Ken Keltner's name has been immortalized in the famous "Keltner List," a series of questions that help to assess a player's Hall of Fame credentials. Keltner was a fine defender, and aside from the Keltner List, he's probably best-known for his good defense in the game that ended Joe DiMaggio's 56-game hitting streak. With the stick, Keltner was okay, though his only really excellent offensive seasons were at ages 22, 27, and 31. He missed all of his age-28 season because of World War II, and had only two good years after turning 26. One of those years, 1944 (he was 27), was against lesser competition, as most of the "real" major leaguers were fighting the war.
Harlond Clift is next on the list, but we've already discussed him. Next comes Eddie Yost, aka "The Walking Man." Yost was a regular at 20 and cleared 120 walks seven times from ages 23-33. Still, after age 27 he had just one 20-Win Share season, with 27 WS at age 32.
Nine of the 10 players in this study were still good players at age 27. The exception is Jim Ray Hart, who is probably the worst-case scenario for Eric Chavez. Hart was decidedly better than Chavez from 22-25, and at 25, he earned 29 Win Shares. Unlike Chavez, though, Hart was a poor defender. He had an subpar (but still decent) year at 26, but hurt his shoulder at 27 and never regained regular status. After a 1-for-19 start to the 1974 season, Hart was done at just 32 years of age.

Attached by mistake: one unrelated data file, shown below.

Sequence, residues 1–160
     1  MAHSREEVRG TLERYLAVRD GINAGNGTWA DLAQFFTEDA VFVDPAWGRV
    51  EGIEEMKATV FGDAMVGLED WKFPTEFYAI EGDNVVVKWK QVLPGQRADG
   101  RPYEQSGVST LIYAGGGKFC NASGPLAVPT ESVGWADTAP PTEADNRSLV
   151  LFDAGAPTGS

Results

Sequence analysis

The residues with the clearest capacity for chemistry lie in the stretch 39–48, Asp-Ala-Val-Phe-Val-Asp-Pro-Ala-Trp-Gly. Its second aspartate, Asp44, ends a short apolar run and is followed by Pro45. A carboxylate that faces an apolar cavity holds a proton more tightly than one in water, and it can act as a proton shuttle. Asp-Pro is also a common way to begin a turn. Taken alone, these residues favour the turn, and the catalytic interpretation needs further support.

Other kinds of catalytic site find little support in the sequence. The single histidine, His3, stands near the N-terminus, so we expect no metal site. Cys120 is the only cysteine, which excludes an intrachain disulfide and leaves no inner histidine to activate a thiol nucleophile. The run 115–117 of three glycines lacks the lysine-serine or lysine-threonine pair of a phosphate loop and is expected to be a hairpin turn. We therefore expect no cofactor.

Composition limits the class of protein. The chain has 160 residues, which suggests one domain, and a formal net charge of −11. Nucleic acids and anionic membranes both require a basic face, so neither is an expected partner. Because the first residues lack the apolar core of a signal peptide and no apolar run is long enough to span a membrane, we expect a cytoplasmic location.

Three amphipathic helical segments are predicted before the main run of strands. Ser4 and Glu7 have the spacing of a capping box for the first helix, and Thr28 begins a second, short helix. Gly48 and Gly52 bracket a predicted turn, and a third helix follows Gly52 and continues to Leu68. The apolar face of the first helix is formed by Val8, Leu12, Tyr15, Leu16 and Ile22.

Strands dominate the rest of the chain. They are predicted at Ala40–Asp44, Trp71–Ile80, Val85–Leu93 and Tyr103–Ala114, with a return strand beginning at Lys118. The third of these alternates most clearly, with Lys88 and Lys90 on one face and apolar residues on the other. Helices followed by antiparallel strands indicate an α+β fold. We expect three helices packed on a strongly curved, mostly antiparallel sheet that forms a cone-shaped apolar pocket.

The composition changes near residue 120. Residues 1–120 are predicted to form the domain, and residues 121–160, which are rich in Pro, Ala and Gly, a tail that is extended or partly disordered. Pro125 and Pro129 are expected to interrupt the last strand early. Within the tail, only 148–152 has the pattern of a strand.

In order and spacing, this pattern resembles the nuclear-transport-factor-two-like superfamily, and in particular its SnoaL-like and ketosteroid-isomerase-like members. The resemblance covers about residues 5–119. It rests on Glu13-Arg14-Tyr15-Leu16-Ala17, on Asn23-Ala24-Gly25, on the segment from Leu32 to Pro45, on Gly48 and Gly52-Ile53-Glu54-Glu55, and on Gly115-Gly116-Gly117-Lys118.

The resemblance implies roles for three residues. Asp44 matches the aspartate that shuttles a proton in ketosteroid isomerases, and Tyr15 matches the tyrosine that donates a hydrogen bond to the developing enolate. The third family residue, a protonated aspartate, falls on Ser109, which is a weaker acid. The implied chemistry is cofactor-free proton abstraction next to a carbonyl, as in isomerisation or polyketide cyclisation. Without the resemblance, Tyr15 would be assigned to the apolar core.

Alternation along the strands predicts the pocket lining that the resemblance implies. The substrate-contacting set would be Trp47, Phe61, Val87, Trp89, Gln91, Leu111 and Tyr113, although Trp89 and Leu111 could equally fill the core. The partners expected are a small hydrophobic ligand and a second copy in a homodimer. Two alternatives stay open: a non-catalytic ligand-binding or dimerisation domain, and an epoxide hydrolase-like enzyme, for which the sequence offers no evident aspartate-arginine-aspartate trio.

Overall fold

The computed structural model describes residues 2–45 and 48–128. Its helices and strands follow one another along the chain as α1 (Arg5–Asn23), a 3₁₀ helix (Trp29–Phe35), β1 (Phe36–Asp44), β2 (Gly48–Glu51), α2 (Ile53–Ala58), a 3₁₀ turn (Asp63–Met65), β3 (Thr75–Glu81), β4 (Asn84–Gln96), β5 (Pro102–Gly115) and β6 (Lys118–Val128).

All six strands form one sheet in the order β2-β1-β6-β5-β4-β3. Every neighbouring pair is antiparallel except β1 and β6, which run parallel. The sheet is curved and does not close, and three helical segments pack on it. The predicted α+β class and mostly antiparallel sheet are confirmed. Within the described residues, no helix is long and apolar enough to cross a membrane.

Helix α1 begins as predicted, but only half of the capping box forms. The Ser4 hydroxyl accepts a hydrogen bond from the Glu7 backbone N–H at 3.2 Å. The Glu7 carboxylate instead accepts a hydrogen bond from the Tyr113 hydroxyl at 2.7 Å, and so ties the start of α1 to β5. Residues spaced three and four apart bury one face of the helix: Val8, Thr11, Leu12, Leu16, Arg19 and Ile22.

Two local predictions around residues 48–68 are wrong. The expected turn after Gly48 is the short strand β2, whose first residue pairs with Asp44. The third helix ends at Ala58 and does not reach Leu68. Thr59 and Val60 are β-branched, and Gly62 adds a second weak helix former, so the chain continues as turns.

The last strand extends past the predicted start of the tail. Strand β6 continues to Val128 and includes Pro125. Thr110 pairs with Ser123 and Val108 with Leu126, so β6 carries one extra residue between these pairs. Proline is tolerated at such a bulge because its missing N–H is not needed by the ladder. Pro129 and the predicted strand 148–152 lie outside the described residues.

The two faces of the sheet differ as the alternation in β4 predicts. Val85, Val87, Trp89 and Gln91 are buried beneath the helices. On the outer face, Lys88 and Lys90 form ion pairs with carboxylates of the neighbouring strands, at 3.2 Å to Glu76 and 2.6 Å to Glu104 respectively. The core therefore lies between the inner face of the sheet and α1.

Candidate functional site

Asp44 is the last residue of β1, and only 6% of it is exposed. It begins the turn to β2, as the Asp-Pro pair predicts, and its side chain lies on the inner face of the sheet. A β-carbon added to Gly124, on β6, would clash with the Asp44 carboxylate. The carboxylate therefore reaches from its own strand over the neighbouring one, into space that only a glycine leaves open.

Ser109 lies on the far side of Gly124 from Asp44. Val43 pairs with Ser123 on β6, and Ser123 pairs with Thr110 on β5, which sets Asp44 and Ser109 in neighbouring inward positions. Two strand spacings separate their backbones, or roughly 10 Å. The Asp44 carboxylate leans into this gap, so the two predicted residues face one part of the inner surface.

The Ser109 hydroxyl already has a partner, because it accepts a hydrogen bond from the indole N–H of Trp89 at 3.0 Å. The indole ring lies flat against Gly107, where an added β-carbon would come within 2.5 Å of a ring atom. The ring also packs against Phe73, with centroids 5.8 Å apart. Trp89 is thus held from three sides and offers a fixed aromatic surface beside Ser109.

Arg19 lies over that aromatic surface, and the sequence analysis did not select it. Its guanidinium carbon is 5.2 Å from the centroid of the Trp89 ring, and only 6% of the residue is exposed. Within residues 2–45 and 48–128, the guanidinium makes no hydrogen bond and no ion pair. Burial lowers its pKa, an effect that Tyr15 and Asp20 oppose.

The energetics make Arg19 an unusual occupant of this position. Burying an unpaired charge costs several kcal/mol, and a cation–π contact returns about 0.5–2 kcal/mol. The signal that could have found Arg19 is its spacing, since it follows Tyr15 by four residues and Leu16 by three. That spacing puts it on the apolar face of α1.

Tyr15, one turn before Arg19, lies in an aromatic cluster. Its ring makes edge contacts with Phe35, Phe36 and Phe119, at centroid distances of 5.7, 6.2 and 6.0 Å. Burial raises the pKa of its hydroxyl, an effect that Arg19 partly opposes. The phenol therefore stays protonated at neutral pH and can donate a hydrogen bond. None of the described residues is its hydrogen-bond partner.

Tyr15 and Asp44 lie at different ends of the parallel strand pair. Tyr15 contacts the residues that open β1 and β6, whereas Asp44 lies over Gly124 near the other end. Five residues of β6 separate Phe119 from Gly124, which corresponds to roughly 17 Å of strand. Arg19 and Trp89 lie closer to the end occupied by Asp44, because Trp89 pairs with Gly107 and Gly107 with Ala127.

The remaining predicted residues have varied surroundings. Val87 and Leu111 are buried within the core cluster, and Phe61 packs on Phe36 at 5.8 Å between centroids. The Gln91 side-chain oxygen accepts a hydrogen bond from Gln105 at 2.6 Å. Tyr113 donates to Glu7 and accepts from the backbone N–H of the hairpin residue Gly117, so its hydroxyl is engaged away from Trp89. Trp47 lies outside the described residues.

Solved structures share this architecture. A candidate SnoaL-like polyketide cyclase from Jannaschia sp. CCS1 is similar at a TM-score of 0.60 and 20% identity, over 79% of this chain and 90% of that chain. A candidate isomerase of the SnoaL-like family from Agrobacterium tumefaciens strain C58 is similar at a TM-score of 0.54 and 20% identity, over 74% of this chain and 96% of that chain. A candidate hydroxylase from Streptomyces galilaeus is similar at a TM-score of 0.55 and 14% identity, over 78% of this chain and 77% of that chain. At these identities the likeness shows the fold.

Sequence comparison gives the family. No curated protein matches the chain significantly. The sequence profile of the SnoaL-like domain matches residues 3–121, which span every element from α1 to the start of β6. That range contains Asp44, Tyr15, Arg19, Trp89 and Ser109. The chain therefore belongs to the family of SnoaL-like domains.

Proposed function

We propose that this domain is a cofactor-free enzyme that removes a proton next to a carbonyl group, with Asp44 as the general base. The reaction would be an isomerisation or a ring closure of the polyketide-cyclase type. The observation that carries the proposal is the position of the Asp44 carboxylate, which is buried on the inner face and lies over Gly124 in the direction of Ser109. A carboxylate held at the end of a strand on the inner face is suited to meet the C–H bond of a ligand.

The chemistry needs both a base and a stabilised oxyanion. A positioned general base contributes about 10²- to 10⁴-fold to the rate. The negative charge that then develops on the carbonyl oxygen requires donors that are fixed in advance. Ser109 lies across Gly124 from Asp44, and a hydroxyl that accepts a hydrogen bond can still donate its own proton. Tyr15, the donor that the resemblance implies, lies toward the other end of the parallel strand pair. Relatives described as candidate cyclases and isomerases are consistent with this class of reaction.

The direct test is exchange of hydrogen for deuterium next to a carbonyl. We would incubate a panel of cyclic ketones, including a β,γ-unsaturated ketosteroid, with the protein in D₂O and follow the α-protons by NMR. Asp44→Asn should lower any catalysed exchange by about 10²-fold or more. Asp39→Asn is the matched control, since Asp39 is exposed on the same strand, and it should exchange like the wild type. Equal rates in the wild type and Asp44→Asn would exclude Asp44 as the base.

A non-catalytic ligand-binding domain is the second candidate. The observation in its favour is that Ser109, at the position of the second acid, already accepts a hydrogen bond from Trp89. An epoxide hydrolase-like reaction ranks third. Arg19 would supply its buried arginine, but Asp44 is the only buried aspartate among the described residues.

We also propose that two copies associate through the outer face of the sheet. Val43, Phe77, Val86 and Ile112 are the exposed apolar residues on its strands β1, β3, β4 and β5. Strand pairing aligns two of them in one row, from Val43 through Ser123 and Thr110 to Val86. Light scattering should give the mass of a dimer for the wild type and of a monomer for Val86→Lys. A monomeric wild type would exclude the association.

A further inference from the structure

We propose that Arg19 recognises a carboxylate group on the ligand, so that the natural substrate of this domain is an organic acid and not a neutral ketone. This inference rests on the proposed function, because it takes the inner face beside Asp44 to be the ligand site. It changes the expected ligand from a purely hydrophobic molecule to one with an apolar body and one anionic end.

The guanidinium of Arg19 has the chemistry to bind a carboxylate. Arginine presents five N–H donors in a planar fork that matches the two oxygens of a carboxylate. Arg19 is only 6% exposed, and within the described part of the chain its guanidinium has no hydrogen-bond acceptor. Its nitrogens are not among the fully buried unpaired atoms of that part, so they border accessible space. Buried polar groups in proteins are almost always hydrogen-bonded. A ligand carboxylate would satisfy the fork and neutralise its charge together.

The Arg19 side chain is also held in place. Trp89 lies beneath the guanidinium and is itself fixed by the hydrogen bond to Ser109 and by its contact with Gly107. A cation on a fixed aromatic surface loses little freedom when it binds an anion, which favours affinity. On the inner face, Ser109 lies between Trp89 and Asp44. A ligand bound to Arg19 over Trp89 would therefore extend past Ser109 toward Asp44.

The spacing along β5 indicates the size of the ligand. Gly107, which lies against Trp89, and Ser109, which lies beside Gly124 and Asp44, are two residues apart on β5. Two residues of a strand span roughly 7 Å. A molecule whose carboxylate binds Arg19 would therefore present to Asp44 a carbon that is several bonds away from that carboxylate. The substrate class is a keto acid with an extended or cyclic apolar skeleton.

Before turning 26, Bill Madlock had a gaudy .337 batting average and a .658 OWP. From 26-32, Madlock batted just .308, though his OWP remained over .600. That's the second-highest OWP of any player in the study (after Brett) from ages 26-32. Still, for Madlock it was a decline; the four-time batting champ was still good, but he never developed as a hitter.
One player in this study - George Brett - got better after turning 26. He is the hope for Eric Chavez. Brett seemed to have peaked at 23-24, and had a down year at 25. He then matched his career year at 26 before setting the league on fire at 27, batting .390 and earning 36 Win Shares in just 117 games. Brett did what Chavez must do - he boosted his average, improved his plate discipline, and increased his power output. He went from "star" to "Hall of Famer," and finished with over 3,000 hits and 300 homers in his career.
The most-recent Chavez comp, Robin Ventura, has a lot of similarities to Eric. Both were (are?) left-handed-hitting third basemen, and both were excellent defenders. Both were the 10th overall pick in the draft (Ventura in 1988, Chavez in '96). From 22-25, Chavez had 92 Win Shares, Ventura 91. Ventura remained a good player into his mid-30s, but he never "kicked his game up a notch," so to speak. He earned 30 Win Shares at ages 24 and 31, but 21 WS was a more typical Ventura season. Ventura, like all but one of the other players in this study, never developed.